An 8-year-old girl was hit in the head by a rock and lightly wounded as ultra-Orthodox protesters on Tuesday clashed with police protecting Defense Minister Avigdor Liberman, who was visiting the Mea Shearim neighborhood in Jerusalem.
Liberman had traveled to the ultra-Orthodox neighborhood in Jerusalem of the capital to pay a condolence visit to a healthcare activist who suffered the loss of a family member.
Recent months have seen an surge in sometimes violent action by extremist elements in the ultra-Orthodox community who are vehemently opposed to mandatory army service. As defense minister, Liberman is seen bearing responsibility for drafting ultra-Orthodox young men into the army.
Police said in a statement that while the minister was still inside apartment, ultra-Orthodox protesters began to gather outside the building. Liberman’s security detail called for police assistance and officers arrived to disperse the crowd and escort the minister’s entourage from the location.
As Liberman’s vehicles left the area, the protesters clashed with police, pelting officers with stones and other objects. During the course of the altercation a stone hit the girl in the head as she stood at the side of the road. Police and local residents administered first aid to the girl until Magen David Adom paramedics arrived and took her to the hospital in good condition.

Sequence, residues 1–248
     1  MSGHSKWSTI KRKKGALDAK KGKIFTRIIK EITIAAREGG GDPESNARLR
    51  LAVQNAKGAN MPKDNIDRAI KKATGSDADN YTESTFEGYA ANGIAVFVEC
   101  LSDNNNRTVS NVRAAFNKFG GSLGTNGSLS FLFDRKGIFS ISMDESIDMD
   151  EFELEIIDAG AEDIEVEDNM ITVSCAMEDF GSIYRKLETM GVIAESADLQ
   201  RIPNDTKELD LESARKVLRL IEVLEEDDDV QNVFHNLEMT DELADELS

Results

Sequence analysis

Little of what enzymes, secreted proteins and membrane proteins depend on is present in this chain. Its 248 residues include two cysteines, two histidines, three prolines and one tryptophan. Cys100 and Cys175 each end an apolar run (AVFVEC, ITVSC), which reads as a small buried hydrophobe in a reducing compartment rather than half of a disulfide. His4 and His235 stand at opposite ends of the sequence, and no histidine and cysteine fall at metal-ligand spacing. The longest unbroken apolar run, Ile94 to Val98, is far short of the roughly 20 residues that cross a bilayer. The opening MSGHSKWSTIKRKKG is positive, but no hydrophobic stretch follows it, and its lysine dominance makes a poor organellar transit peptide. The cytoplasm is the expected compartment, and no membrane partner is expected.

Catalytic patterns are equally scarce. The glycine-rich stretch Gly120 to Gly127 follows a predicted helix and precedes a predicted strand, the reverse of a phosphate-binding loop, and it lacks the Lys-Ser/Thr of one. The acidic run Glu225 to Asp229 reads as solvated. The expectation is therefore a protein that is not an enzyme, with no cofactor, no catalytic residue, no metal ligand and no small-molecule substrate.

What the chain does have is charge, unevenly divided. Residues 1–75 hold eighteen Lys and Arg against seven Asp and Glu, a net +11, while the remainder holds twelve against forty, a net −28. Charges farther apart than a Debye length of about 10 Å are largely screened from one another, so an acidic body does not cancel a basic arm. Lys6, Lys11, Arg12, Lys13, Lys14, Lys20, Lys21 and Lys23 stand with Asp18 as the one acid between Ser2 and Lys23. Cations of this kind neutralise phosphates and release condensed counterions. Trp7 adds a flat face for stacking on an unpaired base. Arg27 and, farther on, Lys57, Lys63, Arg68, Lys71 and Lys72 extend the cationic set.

Police then dispersed the crowds, the statement said.
A spokesperson for Liberman played down the incident, saying there was nothing more than a few shouts as he left the building and that the minister had not been targeted by stone-throwers.
Actions against the draft have included mass protests by thousands of demonstrators in Jerusalem, Bnei Barak, and Beit Shemesh, cities that have large ultra-Orthodox communities. Arrests of draft-dodgers have also been met with large protests.
Ultra-Orthodox Jews, who for decades enjoyed an exemption from army service, oppose what they say is the IDF’s lax observance of Jewish laws. Recent attempts to cater to ultra-Orthodox recruits have been met with some success, but many ultra-Orthodox soldiers still face harassment, threats, and assault while on leave in Haredi neighborhoods.
Some segments of ultra-Orthodox society refuse to recognize the State of Israel and oppose Zionism, because of their belief that the establishment of a Jewish state should only come after the arrival of the messiah.